Forecast Sunny for Cloud-Based Commercial Services
Cox and Comcast are cashing in with cloud-based services and transport to data centers.
You know that cloud services, cloud computing or anything else “cloud” related have reached the saturation point when they start cropping up in ads for big box retail chains.
With almost everything in technology headed toward the cloud, cloud computing has become almost ubiquitous with mainstream consumers, but cloud services, or managed services, have been infusing cable operators’ bottom lines for years. Last year, Cox, Comcast and Time Warner Cable each racked up more than $1 billion in commercial services revenue, with small businesses accounting for large chunks of those profits.
So from a cable operator’s perspective, what are cloud services?
“I think cloud services are any type of service that a customer can pull down off of the Internet or from a private data center facility,” said Kevin O’Toole, senior vice president of product management and strategy for Comcast Business Services. “At the very low end, those are typically completely end-to-end managed services.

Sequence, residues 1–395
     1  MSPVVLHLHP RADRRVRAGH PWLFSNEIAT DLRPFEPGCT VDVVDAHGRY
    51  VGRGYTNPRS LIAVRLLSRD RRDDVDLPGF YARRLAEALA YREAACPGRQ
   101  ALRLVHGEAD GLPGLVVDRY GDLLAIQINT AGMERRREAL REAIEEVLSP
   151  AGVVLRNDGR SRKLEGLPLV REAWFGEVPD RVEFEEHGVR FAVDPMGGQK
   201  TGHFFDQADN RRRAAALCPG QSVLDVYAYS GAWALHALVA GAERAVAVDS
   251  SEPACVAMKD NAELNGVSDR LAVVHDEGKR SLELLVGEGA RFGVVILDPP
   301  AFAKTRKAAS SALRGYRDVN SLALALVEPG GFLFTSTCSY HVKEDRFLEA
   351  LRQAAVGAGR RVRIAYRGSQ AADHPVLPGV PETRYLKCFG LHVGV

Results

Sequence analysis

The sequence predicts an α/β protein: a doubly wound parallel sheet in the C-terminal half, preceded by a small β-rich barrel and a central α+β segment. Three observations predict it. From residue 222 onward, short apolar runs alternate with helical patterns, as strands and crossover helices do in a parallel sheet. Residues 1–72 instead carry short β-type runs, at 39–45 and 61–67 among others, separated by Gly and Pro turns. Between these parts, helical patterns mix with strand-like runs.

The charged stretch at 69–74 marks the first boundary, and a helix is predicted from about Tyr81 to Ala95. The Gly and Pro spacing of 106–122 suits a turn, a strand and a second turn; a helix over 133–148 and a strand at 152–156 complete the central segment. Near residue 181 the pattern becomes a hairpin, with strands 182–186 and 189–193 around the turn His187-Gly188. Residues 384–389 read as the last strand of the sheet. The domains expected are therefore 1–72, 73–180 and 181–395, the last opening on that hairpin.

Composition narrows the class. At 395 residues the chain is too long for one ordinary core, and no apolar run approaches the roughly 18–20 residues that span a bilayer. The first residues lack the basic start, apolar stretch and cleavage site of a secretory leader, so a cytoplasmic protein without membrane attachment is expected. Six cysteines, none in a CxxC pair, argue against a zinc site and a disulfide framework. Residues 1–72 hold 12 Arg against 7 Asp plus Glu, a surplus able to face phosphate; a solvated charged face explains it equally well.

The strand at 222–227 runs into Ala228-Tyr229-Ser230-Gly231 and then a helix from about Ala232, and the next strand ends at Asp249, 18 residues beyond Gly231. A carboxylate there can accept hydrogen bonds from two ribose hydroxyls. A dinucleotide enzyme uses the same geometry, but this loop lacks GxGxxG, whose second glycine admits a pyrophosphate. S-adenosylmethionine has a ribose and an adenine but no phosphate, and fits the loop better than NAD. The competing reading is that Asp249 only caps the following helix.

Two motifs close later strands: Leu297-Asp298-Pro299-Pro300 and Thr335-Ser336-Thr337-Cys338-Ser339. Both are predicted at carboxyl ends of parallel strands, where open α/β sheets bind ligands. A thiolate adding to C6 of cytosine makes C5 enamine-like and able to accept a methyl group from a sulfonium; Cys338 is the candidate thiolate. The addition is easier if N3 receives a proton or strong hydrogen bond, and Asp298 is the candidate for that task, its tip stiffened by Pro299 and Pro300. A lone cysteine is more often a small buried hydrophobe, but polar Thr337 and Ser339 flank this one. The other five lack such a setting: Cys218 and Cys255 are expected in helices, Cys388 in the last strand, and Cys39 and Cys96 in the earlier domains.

“Customers right now are really trying to adopt the cloud. That’s the buzzword. They’re always talking about the cloud, the cloud, the cloud.”
Greg Rothman, director of voice and managed services product management for Cox Business, said that, in general, customers are becoming more and more comfortable with cloud services that are now managed in the network as opposed to the customer’s premise.
CUSTOMER APPRECIATION: COX BUSINESS
Cox Business launched its Cox Business Online Backup and Cox Business Security Suite offerings across all of its markets last year.
For online backup, Cox Business partnered with Mozy, while the security suite is powered by McAfee SaaS security technology. Cox Business’ approach was to find best-of-breed partners to offer cloud-based managed services to small businesses that typically have less than 20 employees.